We awoke on Sunday, August 12, Day 5 of our 2007 Alaska trip, to find that Harvey's outside tire on the right rear was totally without air. We had a spare with us, stored on Harvey's roof; but we just didn't feel confident enough in our ability to deal with the situation ourselves, especially since we didn't know what had caused the flat in the first place. Besides, isn't that why we have Triple A and Good Sam's roadside service?
Our campground was located in Reed Point, Montana, a tiny little town with no tire service and no pay phone and no reliable cell phone service. We tried several times to reach Good Sam's or AAA on our TracFone, but we always lost service before we could speak to anyone. A man in the neighboring RV let us use his cell phone, saying that he had free weekend minutes and that we might have better luck with his Verizon service. Using his phone, we were able to get through to Good Sam's and put in our request for help, but we weren't able to get their return call on our TracFone.
On top of that, another RV pulled in about one o'clock that afternoon, having a reservation for our spot. Fortunately the RV park had an extra spot in front of the office, where we could have electricity. So we paid for another night, parked Harvey in front of the office, and just spent the afternoon reading.
Sometime during the afternoon, we borrowed a cordless phone from an employee of the RV park to try to reach Good Sam's again and find out what was happening. After holding for 20 minutes, I reached someone who said he would transfer me to the person who was handling our request, and he put me on hold again! After holding for another 20 minutes, I was finally connected to a person; but the phone cut out before we could get anywhere. I didn't know whether the battery had died or what had happened.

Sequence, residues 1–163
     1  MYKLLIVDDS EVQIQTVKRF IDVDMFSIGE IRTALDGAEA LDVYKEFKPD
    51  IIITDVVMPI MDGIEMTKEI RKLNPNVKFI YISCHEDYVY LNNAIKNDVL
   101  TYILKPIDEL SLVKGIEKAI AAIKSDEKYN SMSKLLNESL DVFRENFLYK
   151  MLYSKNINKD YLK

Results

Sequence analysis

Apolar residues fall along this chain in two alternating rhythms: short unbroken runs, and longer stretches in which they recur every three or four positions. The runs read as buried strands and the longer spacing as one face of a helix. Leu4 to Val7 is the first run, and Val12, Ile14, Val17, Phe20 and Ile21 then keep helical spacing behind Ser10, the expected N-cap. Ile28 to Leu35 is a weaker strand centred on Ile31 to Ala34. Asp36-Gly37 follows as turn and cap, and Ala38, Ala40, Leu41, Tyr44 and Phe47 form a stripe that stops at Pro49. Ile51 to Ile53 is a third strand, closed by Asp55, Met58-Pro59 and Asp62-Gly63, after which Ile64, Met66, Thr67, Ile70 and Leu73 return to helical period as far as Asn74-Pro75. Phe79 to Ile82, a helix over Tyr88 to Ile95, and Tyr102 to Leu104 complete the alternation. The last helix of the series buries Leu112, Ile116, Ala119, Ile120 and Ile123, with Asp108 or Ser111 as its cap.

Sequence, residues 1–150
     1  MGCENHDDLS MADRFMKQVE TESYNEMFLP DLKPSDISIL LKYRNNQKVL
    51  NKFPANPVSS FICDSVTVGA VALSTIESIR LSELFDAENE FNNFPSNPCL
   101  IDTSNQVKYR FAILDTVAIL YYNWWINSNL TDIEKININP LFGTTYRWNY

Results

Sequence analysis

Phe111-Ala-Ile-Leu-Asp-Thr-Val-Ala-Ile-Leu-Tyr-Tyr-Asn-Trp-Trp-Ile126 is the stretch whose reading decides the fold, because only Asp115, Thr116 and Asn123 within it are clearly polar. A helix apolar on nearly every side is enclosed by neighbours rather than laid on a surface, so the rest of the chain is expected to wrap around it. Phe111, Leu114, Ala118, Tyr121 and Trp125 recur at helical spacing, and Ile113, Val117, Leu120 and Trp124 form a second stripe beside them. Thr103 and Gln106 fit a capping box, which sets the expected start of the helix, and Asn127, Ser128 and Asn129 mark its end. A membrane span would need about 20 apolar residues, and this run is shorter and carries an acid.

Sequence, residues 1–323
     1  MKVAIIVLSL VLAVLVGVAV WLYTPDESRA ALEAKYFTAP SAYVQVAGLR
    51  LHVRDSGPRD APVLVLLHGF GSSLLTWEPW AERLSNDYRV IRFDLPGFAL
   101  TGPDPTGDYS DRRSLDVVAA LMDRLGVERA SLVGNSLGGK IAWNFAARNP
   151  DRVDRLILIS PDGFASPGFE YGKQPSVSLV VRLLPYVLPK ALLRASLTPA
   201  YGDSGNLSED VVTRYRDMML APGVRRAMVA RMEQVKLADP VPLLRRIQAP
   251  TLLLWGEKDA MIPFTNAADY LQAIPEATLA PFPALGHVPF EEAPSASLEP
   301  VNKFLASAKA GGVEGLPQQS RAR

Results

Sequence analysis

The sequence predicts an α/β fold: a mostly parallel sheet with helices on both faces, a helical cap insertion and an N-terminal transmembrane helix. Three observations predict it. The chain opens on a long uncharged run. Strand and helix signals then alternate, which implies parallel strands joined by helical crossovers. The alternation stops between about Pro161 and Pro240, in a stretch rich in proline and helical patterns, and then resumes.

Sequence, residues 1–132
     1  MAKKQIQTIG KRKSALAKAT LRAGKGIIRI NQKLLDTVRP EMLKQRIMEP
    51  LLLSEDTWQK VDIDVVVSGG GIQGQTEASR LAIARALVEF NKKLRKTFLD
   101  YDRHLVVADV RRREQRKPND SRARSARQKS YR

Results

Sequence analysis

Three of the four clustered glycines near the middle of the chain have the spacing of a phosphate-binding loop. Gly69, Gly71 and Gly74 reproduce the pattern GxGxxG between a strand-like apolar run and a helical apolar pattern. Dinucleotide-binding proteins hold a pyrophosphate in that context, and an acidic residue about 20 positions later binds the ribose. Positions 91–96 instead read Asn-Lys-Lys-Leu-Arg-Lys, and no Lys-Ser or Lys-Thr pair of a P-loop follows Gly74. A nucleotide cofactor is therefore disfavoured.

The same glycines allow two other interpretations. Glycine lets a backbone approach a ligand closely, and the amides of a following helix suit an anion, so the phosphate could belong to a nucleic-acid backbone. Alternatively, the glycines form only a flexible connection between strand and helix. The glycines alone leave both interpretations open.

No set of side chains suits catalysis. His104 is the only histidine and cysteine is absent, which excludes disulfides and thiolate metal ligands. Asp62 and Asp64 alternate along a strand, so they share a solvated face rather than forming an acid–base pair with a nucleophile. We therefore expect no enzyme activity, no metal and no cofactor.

Late in the afternoon, the man who had first loaned us his Verizon cell phone came over and asked how we were doing. When we told him, he insisted that we use his phone again to call Good Sam's. We again had the 20-minute holding time before speaking to anyone. This time I told the person who answered what we had already been through that day and begged him not to put me on hold again. While I was waiting, they located someone from 90 miles west of Reed Point who was willing to come to our aid.
During the afternoon and evening, as we waited for help to arrive, we were watching a huge smoke cloud which eventually covered the area and began dropping ash on us. It was from a wildfire near Livingston, Montana. The owners of the RV park said they didn't have to worry this year because everything burnable in the area had been burned in a wildfire last year. Sure enough, you could look across the highway and see that all the trees, right down to the edge of the highway, were blackened from a previous fire.
Our help arrived about eight o'clock that night, in the form of a young guy and his wife or girlfriend. He determined that the problem with the tire was a cracked valve stem, and he didn't have a suitable replacement with him. He went up on top of Harvey to get the spare down and put that on in place of the flat tire. Then he took the tire with the bad valve stem with him to his shop near Bozeman, where we would stop to pick it up when we came through there the next day.
This delay was unplanned and was an inconvenience, to be sure. But there were blessings, too. For one, it gave us a day off from driving, which was good for us but which we wouldn't have done voluntarily. Also, we were in a lovely and peaceful setting, with electricity to run Harvey's air conditioner, rather than out on the highway somewhere. Yes, ash was falling from the sky; but the smoke cloud had it's own beauty, too. And we were protected by a natural fire break created by last year's fire.
But maybe the best blessing was that we experienced the kindness and camaraderie of other campers. All along our way, we found our fellow campers to be friendly and willing to help in any difficult situation.